Ted Kennedy's Senate seat may fall to Republicans after more than fifty years of Democrats holding the seat -- Democratic control of Kennedy's Massachusetts Senate seat dates back to 1953, when the elder John F. Kennedy held the position.
According to the latest Public Policy poll, Republican state senator Scott Brown leads Democratic state attorney general Martha Coakley by five points, 51-46 percent. The poll notes that the lead is within the margin of error but reflects other recent polls showing Brown has a slim lead over Coakley.
Brown leads among independents, crucial to a Republican victory in Massachusetts, where registered Democrats hold a 3-1 edge over registered Republicans. The poll notes, however, that "Democratic leaning voters have started to take more interest in the election, a trend that if it continues in the final 36 hours of the campaign could put her over the finish line."
In the interest of drumming up Democratic support, President Barack Obama toured the state on Sunday.
Other highlights from the poll:
- Brown is up 64-32 with independents and is winning 20% of the vote from people who supported Barack Obama in 2008 while Coakley is getting just 4% of the McCain vote.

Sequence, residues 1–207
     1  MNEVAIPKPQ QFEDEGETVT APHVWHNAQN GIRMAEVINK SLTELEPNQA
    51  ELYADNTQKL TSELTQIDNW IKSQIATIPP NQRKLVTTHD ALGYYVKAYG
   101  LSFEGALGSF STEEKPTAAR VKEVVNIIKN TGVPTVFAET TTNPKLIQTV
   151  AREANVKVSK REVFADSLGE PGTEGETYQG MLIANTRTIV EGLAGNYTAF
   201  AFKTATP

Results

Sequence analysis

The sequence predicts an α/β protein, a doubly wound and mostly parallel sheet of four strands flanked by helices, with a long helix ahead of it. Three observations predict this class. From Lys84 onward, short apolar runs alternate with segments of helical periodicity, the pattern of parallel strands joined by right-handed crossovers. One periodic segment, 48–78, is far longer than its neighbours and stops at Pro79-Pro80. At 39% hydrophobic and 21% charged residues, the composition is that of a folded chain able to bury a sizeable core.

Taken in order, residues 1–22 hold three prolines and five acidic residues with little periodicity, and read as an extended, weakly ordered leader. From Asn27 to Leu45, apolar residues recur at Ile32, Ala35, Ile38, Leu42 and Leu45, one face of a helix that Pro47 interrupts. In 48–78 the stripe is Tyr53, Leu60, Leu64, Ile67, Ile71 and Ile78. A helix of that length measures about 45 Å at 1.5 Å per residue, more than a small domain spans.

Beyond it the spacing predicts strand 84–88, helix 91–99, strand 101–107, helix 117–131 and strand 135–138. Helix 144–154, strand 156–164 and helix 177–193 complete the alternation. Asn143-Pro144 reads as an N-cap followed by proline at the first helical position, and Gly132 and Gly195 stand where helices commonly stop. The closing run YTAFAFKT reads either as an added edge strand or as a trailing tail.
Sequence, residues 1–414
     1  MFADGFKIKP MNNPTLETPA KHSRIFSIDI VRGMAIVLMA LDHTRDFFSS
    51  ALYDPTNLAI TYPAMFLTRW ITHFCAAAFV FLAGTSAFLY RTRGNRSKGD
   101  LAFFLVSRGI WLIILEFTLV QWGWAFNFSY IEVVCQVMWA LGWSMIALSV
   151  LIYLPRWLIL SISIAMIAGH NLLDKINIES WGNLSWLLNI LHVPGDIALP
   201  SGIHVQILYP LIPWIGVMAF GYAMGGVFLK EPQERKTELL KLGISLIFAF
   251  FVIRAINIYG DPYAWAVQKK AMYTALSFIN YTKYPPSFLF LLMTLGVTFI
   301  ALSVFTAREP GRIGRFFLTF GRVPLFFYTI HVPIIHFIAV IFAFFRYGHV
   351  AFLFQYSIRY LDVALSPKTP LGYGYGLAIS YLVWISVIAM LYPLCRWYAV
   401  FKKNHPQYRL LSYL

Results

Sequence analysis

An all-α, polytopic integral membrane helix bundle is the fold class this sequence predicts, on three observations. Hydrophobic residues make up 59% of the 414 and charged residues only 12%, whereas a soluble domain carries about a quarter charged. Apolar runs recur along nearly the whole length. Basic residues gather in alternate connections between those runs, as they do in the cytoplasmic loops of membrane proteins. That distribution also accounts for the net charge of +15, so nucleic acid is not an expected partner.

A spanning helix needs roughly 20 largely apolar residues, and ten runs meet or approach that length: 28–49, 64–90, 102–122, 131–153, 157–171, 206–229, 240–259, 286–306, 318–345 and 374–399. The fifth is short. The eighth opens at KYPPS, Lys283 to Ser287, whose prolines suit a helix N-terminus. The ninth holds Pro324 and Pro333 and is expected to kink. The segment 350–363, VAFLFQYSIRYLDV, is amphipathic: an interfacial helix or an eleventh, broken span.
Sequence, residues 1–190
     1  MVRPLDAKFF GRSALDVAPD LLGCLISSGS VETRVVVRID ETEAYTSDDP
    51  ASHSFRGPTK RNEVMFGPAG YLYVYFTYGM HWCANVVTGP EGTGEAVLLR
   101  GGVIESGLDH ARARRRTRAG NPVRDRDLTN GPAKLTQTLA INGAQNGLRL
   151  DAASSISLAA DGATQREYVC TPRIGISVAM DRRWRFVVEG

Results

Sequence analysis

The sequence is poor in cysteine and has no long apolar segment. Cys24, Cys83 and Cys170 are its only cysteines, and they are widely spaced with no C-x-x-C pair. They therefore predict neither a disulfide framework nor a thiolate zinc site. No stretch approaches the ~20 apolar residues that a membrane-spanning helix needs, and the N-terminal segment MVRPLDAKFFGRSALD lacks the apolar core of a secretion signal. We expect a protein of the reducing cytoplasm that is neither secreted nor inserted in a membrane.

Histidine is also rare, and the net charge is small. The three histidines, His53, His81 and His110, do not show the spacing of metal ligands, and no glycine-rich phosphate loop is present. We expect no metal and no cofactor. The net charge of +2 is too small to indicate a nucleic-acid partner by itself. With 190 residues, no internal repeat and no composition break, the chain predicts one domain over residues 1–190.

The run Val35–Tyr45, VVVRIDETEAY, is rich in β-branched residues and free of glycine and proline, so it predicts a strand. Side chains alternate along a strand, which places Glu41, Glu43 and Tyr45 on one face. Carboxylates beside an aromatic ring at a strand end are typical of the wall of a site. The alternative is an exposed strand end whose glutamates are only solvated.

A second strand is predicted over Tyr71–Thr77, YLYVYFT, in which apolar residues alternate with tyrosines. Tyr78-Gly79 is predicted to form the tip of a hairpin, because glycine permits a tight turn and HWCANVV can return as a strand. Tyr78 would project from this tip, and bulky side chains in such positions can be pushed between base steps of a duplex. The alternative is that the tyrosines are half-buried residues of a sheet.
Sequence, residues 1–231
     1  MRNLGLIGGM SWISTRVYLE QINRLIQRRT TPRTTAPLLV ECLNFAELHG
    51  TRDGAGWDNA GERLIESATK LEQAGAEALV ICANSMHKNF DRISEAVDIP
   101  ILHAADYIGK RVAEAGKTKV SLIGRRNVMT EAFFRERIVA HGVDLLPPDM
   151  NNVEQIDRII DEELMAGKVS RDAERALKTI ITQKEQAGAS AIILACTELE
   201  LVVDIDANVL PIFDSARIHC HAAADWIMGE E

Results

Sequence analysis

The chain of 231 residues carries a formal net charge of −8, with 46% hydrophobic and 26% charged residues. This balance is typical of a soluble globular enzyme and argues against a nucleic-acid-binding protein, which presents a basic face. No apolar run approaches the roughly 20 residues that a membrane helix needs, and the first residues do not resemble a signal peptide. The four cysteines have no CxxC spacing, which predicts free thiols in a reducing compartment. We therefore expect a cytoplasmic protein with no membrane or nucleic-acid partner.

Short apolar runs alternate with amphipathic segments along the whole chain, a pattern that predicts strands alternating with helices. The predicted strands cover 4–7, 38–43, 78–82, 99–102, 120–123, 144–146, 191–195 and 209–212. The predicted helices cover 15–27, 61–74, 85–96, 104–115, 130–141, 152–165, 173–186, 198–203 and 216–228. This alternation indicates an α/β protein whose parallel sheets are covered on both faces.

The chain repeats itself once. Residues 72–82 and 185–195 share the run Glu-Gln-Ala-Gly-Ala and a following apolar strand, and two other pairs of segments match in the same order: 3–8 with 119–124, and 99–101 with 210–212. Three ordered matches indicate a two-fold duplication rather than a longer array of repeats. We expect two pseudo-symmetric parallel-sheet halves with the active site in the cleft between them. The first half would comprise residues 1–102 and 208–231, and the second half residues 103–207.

-Brown's voters continue to be much more enthusiastic than Coakley's. 80% of his say they're 'very excited' about voting Tuesday while only 60% of hers express that sentiment. But the likely electorate now reports having voted for Barack Obama by 19 points, up from 16 a week ago, and a much smaller drop from his 26 point victory in the state than was seen in Virginia.
-Those planning to turn out continue to be skeptical of the Democratic health care plan, saying they oppose it by a 48/40 margin.
-Coakley's favorability dropped from 50% to 44% after a week filled with perceived missteps. Brown's negatives went up a lot but his positives only actually went from 57% to 56%, an indication that attacks against him may have been most effective with voters already planning to support Coakley but ambivalent toward Brown.
-56% of voters in the state think Brown has made a strong case for why he should be elected while just 41% say the same of Coakley. Even among Coakley's supporters only 73% think she's made the argument for herself, while 94% of Brown's supporters think he has.
The special election held to fill the seat formerly occupied by the late Sen. Edward Kennedy (D-MA) is to be held Tuesday.